W3C home > Mailing lists > Public > public-semweb-lifesci@w3.org > July 2006

Re: ontology specs for self-publishing experiment

From: Alan Rector <rector@cs.man.ac.uk>
Date: Sat, 8 Jul 2006 20:57:15 +0200
Message-Id: <CBD398A0-9177-4FE0-BD73-CDF5E43282AD@cs.man.ac.uk>
Cc: "Miller, Michael D (Rosetta)" <Michael_Miller@Rosettabio.com>, Tim Clark <twclark@nmr.mgh.harvard.edu>, w3c semweb hcls <public-semweb-lifesci@w3.org>, SWAN Team <swan-team@mind-informatics.org>, Trish Whetzel <whetzel@pcbi.upenn.edu>, chris mungall <cjm@fruitfly.org>
To: William Bug <William.Bug@DrexelMed.edu>

On 6 Jul 2006, at 19:22, William Bug wrote:

> 	2) Doesn't this lead down a road similar to that of MIAME, only  
> now you've shifted the border of incommensurateness beyond the  
> level for data format and into the semantic domain?

Yes, but put another way, you have refactored the problem of  
"incommensurateness" into two more tractable pieces - one about the  
data structures to convey meaning, the other about the meanings  
conveyed.  You have also removed the risk of conflating the two  
problems thereby making both harder.  The UML/XML models are about  
conveying meanings; the ontologies are about the meanings conveyed.   
The constraints in the UML/XML models ensure that software can  
process the data structures correctly.  Violating such a constraint  
means that the structure is invalid.  The constraints in the ontology  
are about what we understand about the biology.  Violating a  
constraint in the ontology means that the meaning is incorrect or  
even inconsistent.  Getting that relationship between the data  
structures and meanings clearly defined is a key issue for many  
standardisation efforts.

In practice, the ontologies/terminologies/vocabularies are often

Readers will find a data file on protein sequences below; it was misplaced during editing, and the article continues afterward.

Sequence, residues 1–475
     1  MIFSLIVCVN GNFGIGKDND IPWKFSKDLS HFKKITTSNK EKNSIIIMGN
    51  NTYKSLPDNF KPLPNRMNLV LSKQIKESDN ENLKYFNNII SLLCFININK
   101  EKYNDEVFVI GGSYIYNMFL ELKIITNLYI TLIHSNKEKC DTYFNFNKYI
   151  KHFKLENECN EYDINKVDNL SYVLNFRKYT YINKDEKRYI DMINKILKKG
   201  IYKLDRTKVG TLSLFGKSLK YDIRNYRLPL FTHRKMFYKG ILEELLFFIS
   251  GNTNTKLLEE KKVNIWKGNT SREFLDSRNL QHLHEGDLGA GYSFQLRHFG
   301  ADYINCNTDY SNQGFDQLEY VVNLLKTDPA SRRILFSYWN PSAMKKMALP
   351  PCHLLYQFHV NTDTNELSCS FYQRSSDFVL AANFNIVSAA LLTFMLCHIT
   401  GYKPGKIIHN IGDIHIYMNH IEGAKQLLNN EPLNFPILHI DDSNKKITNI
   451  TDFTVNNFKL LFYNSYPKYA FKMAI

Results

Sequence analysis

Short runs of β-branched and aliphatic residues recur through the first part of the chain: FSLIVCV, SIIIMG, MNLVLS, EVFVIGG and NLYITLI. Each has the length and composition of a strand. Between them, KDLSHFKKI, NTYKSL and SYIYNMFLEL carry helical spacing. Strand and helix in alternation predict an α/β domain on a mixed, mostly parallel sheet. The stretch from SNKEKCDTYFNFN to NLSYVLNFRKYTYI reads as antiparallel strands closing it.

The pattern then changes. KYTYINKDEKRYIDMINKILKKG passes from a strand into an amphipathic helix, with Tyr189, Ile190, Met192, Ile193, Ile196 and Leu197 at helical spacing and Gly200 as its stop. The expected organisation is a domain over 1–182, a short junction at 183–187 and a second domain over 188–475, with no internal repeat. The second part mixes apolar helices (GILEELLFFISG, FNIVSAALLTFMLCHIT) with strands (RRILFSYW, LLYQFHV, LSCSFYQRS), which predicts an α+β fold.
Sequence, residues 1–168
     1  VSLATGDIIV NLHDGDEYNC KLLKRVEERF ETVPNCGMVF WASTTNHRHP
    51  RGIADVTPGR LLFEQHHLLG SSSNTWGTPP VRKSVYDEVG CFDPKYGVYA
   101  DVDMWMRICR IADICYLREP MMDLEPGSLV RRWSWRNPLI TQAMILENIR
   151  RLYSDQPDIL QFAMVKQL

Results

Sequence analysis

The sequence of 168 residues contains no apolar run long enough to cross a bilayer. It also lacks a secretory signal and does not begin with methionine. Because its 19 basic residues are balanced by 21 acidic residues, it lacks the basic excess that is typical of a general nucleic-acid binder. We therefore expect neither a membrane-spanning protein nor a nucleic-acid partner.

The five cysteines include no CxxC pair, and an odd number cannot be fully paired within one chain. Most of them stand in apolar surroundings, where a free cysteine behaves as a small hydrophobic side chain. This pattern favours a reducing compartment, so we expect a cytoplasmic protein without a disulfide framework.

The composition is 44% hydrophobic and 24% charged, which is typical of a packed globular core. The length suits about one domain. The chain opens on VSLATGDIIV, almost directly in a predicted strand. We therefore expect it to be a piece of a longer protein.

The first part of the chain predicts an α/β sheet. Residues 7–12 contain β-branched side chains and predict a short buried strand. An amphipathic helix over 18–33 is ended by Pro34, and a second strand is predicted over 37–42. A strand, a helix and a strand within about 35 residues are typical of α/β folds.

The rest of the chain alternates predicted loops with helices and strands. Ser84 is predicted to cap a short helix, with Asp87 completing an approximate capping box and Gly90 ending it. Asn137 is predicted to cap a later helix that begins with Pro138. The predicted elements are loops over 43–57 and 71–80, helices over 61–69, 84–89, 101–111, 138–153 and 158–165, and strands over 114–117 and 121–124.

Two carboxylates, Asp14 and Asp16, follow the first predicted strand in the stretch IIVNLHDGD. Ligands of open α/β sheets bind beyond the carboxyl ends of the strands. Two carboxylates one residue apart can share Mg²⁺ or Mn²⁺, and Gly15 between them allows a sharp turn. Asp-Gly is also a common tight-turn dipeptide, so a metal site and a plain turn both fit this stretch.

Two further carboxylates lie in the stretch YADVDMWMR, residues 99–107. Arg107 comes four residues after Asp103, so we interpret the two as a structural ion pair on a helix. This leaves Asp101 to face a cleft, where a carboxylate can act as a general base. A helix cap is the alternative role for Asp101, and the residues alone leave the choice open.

maintained by different groups than the data structures/exchange  
formats and there are often requirements to use the same exchange  
format with different ontologies/terminologies and vice versa.  
(Analogous problems are common in the medical community.)

However, factoring the problem in this way does mean that you don't  
get full interoperability unless you agree on _both_ the data  
structures/exchange formats and the ontologies/terminologies.  (Or  
define  mappings and equivalences between them)

> What I mean is, won't there still be difficulty determining even  
> approximate semantic equivalency for all of the details of data  
> provenance - many of which absolutely must be resolved in order to  
> perform large-scale re-pooling of related observations made in the  
> context of different studies - even if nearly identical assays/ 
> instruments/reagents are used?

Yes.  There will always be a trade-off between the grounding cost of  
agreeing up front to use the same standards and the clean-up cost of  
resolving the differences later.  You can choose whether to pay for  
your lunch in advance or afterwards, but there is no free lunch.

It is a choice for the community - or communities - on how wide a  
consensus on the various issues they can achieve.



Alan Rector
Professor of Medical Informatics
School of Computer Science
University of Manchester
Manchester M13 9PL, UK
TEL +44 (0) 161 275 6149/6188
FAX +44 (0) 161 275 6204
Received on Sunday, 9 July 2006 11:10:14 UTC

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